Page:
Hat tipping and the military salute both trace their origin to the practice of the helmeted knight lifting the visor of his helm to communicate and - particularly before the dawn of heraldry - to identify himself. Waiting to begin eating until all at table have been served probably has a courtly origin.

As its name implies, courtesy (the word cortesia in Italian) was the standard of "courtly" behaviour expected at court, particularly in the presence of ladies - as opposed to the women of lower social classes. The practice of a seated gentleman rising when a woman or cleric enters his presence is probably rooted in the world of courtly life, knighthood, jousts and tournaments. So is the tradition of holding a door open for a lady to step through, and giving her priority in many social circumstances; the phrase "ladies first" reflects a chivalrous ideal.

Such "gallantry" has at times been exploited to keep women from being treated as the social equals of men (this is certainly true in Italy, where women could not even vote until 1946), but it often makes life more civilised.

The practice, and expression, of "throwing down the gauntlet" is connected with tournaments, challenges and duels. Our repulsion at the act of a man striking a woman comes from the code of chivalry. Flag dipping was a phenomenon parallel to lance etiquette.

The concept of the duel, and the less ephemeral principle of "one against one," are based on the rules of jousting and sword fighting as they existed in knightly tournaments. An entire culture of sportsmanship has grown from this, including the prohibition on attacking a man from behind, or using a weapon to attack an unarmed man. In an earlier time, the Romans occasionally embraced the idea of "fair play" in gladiatorial games but did not always adhere to it, and in the event there is no evidence that medieval knights based their attitudes on any Roman ideal.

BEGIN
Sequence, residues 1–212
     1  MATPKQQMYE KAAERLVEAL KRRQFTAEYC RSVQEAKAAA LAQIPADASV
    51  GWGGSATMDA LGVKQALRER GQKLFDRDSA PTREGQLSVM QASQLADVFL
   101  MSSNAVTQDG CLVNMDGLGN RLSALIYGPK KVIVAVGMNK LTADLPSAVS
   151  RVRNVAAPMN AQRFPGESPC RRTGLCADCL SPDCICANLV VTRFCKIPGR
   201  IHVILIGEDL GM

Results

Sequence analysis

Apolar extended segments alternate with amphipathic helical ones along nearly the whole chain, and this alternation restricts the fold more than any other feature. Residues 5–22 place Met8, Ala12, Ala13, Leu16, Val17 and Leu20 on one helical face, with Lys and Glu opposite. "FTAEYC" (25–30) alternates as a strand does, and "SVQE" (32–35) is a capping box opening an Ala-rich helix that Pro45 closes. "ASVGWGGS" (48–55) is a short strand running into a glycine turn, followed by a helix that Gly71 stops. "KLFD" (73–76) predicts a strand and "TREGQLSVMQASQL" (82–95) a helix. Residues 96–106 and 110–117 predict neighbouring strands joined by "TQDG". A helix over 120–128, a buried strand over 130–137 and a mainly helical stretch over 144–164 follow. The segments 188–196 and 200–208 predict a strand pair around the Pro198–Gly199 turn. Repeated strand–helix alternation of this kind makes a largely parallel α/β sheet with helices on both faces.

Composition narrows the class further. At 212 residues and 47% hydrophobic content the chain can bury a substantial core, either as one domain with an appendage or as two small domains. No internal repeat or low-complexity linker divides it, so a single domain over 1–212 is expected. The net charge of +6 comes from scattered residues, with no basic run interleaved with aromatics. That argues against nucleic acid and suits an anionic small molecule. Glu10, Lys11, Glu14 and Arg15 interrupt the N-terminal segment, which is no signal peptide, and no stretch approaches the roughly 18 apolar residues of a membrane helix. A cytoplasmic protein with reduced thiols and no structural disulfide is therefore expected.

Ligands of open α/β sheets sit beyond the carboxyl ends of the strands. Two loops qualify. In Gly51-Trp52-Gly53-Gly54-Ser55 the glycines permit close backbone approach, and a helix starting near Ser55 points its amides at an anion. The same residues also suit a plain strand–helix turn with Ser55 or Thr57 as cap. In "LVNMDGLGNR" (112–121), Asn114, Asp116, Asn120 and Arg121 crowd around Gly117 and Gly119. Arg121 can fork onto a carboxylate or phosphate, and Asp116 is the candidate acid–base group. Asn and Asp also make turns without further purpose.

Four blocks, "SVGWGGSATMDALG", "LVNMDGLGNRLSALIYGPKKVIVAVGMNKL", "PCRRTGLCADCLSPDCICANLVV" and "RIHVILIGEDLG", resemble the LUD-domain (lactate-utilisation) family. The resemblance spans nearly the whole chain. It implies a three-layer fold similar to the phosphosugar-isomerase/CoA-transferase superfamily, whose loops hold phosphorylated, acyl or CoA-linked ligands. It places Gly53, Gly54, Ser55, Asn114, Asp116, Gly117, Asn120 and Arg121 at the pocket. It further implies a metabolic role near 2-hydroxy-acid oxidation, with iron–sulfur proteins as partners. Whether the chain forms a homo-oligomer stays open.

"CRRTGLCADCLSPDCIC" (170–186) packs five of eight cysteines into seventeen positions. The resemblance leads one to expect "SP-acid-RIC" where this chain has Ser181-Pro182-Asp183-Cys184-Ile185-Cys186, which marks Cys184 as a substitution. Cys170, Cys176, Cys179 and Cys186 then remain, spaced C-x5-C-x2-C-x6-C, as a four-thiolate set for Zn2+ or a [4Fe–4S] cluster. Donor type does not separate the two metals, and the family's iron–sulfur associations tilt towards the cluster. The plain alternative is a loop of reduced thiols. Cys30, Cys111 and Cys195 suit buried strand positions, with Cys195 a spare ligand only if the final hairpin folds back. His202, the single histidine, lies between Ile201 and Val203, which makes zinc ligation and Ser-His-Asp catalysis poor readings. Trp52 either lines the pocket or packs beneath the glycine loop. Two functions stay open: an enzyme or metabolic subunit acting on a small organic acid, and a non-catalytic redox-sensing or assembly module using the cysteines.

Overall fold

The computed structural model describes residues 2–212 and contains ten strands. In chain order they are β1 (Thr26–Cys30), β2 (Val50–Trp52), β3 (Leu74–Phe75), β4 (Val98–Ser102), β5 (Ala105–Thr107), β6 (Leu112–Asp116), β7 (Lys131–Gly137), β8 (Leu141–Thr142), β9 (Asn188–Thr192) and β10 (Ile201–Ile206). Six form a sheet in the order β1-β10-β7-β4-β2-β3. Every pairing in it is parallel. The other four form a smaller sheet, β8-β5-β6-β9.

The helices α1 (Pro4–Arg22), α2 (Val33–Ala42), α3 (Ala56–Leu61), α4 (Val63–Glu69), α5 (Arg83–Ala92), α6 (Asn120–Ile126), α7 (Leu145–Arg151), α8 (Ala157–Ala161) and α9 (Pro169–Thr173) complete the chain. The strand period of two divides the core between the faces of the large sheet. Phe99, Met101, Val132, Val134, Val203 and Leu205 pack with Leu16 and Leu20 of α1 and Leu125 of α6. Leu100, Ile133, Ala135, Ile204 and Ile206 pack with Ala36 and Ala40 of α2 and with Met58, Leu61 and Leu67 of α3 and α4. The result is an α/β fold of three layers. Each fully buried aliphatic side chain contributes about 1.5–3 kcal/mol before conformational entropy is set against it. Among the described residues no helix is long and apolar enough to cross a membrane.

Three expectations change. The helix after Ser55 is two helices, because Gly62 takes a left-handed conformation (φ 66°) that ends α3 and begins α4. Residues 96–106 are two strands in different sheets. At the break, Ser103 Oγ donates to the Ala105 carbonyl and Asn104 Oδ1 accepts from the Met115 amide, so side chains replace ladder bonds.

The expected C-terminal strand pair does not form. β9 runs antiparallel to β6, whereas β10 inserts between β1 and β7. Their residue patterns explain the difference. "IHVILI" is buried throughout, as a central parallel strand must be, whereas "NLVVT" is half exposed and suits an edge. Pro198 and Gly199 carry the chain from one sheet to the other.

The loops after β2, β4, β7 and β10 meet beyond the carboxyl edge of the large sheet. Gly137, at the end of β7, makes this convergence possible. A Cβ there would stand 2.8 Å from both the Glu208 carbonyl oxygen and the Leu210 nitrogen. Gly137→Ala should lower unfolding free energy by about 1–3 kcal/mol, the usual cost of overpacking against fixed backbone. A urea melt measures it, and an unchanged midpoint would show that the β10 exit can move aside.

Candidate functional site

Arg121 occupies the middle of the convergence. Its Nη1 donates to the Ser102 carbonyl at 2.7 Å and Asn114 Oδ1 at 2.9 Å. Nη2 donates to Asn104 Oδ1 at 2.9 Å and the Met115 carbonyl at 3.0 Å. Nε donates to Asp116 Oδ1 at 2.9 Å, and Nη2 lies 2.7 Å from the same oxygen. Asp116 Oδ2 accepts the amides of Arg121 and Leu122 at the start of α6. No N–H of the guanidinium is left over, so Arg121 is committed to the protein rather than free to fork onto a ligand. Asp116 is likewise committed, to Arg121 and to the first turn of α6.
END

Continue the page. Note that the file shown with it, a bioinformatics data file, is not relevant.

Modern military rules of engagement and conduct, though not derived directly from the code of chivalry, were influenced by it.

The very concept of the "gentleman" may be little more than a Victorian revival but - at least in theory - the ideas of "not kicking a man when he's down" and "not besmirching a lady's name" reflect medieval standards of courtesy.

Another vestige of the Middle Ages is the gentleman's "word of honour." Here again the reality rarely lives up to the ideal, but the principle that perjury was a vice, while the testimony of a nobleman might be accorded more weight than that of a peasant (however honest), is thoroughly medieval; Frederick II mentions it in his Constitutions.

The civil treatment of prisoners of war, and especially knights, coincided with the growth of courtly courtesy and the code of chivalry, though it was a few centuries before such civility in wartime became general. The word courtship (and corteggiamento in Italian) recalls traditions from the era of tournaments.

Times change, but rare is the man who construes the word gentleman as anything less than a compliment.

About the Author: Roberto Savona teaches history and writes about historical topics. Thanks to Vincenzo Salerno for his assistance.